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When business, politics mix

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By Jay Miller

Historian Dave Clary emails from Roswell wondering why, now that Wall Street tycoon Mitt Romney appears to be a presidential nominee, the press doesn’t seem to realize that running government like a business isn’t a good deal for our nation.
Clary says it is worth noting that the last two corporate executives to run our country, George W. Bush and Herbert Hoover, presided over economic meltdowns. He also points to the Italian counterpart Sylvio Berlusconi as another prime example.
The press has covered the subject of business and government being two different animals. Therefore the promise to run government like a business isn’t necessarily something voters should embrace.
The subject was discussed at some length when Gary Johnson ran for governor. His claims that he did very well turning a handyman business into a multi-million construction firm sounded good. He should be able to do the same with the New Mexico economy.
But very soon after he took office, Johnson became frustrated with these two co-equal branches of government that were always getting in his way. Every time he made a bold move, the legislature or the courts would block it.
As a businessman, he could make those bold moves without first having to sell his idea and his method of operation. Gov. Johnson, a tenacious man, ended up spending most of his time fighting with the legislature and courts rather than moving New Mexico forward. New Mexico government just wouldn’t run like a business.
The appealing part of running government like a business is control of costs. Profits are bigger if a business gets the most out of every dollar. We worry that government doesn’t have the same incentive. Government’s purpose is to provide services that the private sector can’t. Sometimes costs get out of hand.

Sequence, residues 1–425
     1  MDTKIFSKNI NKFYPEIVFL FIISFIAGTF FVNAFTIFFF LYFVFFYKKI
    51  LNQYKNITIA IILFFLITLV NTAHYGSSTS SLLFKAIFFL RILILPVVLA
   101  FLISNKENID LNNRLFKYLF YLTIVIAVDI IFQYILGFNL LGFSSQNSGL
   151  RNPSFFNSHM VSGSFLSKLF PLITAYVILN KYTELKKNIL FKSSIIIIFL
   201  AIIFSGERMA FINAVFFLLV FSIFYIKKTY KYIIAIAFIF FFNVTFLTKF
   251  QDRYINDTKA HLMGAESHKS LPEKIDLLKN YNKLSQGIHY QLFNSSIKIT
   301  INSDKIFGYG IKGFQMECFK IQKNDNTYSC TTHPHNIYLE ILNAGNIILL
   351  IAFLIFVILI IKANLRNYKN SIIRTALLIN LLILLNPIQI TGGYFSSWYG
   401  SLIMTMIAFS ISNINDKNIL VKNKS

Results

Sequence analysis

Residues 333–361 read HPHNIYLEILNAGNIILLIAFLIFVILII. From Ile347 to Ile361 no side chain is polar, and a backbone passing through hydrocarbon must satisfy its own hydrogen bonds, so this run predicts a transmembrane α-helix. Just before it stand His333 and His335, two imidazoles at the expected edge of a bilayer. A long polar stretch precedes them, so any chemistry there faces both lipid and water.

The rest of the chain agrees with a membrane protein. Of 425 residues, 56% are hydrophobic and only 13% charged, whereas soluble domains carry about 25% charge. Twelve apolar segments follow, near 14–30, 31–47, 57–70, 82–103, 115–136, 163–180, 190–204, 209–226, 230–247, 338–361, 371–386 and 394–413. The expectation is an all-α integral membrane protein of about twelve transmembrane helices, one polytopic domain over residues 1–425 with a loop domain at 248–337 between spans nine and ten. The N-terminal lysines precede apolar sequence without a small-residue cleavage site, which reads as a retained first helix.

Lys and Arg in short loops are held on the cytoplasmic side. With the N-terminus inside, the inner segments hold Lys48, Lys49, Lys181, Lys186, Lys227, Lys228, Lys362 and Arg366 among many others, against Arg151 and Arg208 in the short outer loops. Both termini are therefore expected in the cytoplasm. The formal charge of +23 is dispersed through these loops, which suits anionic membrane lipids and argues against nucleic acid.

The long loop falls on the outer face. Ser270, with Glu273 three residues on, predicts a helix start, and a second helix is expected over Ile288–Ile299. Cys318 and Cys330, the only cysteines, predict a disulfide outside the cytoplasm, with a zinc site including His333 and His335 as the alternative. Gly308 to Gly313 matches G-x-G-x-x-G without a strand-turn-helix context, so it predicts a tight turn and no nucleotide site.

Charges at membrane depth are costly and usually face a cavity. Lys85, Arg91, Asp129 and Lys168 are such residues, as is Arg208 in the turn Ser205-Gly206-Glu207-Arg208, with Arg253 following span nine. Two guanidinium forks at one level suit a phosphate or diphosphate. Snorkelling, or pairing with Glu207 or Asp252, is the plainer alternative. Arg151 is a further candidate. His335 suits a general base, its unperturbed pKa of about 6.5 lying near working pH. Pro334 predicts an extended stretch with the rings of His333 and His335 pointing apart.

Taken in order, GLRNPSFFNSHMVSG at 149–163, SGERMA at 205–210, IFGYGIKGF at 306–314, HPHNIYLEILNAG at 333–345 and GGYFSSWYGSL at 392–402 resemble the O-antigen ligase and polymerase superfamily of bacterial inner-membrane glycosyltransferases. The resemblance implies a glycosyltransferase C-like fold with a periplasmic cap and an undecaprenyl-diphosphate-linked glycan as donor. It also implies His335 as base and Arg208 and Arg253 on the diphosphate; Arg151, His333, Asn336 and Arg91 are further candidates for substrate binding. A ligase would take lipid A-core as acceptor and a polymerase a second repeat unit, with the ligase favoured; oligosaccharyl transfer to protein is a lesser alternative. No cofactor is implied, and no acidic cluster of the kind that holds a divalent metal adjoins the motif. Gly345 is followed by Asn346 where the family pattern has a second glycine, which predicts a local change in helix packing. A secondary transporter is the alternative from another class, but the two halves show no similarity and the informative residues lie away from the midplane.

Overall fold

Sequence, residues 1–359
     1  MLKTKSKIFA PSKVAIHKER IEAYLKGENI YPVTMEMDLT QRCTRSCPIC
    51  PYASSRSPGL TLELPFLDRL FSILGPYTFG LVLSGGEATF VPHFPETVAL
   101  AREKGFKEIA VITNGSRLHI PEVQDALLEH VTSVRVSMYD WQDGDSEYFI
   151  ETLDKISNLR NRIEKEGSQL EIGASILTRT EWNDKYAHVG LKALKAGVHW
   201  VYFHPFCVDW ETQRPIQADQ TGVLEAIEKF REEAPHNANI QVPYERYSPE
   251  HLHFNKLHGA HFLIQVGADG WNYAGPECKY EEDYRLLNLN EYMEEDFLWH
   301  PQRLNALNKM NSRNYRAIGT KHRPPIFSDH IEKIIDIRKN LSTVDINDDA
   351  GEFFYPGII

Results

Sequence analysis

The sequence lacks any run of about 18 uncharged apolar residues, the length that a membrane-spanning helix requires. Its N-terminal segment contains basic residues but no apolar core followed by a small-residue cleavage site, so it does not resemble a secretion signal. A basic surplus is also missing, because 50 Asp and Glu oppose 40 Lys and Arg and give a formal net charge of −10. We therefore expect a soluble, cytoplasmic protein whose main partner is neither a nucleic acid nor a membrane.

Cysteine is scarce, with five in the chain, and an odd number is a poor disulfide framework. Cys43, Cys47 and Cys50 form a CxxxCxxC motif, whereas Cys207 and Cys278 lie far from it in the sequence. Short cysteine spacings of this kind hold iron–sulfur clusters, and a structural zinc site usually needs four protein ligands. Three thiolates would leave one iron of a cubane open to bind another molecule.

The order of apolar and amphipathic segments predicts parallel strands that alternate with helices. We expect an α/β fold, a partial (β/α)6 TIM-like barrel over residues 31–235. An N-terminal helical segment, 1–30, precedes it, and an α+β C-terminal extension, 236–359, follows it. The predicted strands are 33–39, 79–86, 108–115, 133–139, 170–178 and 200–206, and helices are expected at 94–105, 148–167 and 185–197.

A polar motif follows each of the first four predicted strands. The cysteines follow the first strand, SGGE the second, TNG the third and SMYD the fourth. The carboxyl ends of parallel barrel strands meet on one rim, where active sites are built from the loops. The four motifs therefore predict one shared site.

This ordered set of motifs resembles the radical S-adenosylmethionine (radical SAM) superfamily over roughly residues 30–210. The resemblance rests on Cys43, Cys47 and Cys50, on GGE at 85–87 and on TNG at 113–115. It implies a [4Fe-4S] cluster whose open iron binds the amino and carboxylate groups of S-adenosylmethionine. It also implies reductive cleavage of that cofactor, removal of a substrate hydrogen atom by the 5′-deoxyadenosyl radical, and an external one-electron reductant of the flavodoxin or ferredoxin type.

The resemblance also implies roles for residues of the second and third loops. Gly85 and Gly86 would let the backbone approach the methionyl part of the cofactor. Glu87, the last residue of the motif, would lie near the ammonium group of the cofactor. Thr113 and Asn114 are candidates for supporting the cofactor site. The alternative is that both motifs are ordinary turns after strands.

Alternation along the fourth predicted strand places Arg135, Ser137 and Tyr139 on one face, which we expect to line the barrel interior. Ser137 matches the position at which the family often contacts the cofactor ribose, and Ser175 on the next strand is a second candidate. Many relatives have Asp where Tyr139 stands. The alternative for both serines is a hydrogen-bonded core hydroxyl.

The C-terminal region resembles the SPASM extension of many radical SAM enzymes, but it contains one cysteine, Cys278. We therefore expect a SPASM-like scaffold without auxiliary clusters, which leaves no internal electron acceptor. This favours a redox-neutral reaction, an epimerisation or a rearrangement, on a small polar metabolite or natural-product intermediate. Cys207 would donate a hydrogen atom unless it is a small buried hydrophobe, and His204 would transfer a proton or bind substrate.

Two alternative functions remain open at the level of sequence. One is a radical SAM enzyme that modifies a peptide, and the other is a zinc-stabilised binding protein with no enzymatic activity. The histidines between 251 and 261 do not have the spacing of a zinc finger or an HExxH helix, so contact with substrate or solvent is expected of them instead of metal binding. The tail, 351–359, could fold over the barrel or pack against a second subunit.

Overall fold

But it happens in the private sector too, especially as businesses grow. We recently learned that the head of the privatized Los Alamos National Laboratory makes three times what the director did when a governmental body administered it. The total package is over $1 million.
 Executive salaries are even more out of line on Wall Street, which got us into this financial mess. They are most of the one percent. That high pay trickles down a little way to Wall Street employees. Forbes.com estimates that Warren Buffett’s famous secretary makes between $200,000 and a half-million dollars.
That must be a Wall Street standard but I can’t imagine Buffett paying that much. According to Buffett’s cousin, former state legislator George Buffett, Warren lives a rather simple life.
 So would Mitt Romney run government as he ran his Wall Street investment firm? He promises he will. As governor of Massachusetts he raised taxes and presided over creation of a healthcare system after which Obamacare is fashioned.
Those who believe that government should be run like a business have to make several assumptions. They must believe that running a public institution requires no public-sector experience at all. We’ve all heard candidates brag that they have never been involved in government before. Where else can one get a job bragging about having no related experience?
Another belief must be that public sector experience is something inherently bad. And finally, they must believe that a public institution will benefit from an infiltration of business executives who will straighten everything out.
Business and government are meant to be different. Government should be doing only what the private sector can’t.
That means that if the private sector can do something at a profit, it should be doing it. If it can’t make a profit, government handles it.
That major difference can be a big shock to those moving into the public sector. You are helping those who can’t afford to get services privately. You also are doing those things that no one can do alone like fighting wars, providing public safety, building bridges and dams.
Unbeknownst to some, most public employees and officials do very good jobs.
Jay Miller is a syndicated columnist based in Santa Fe.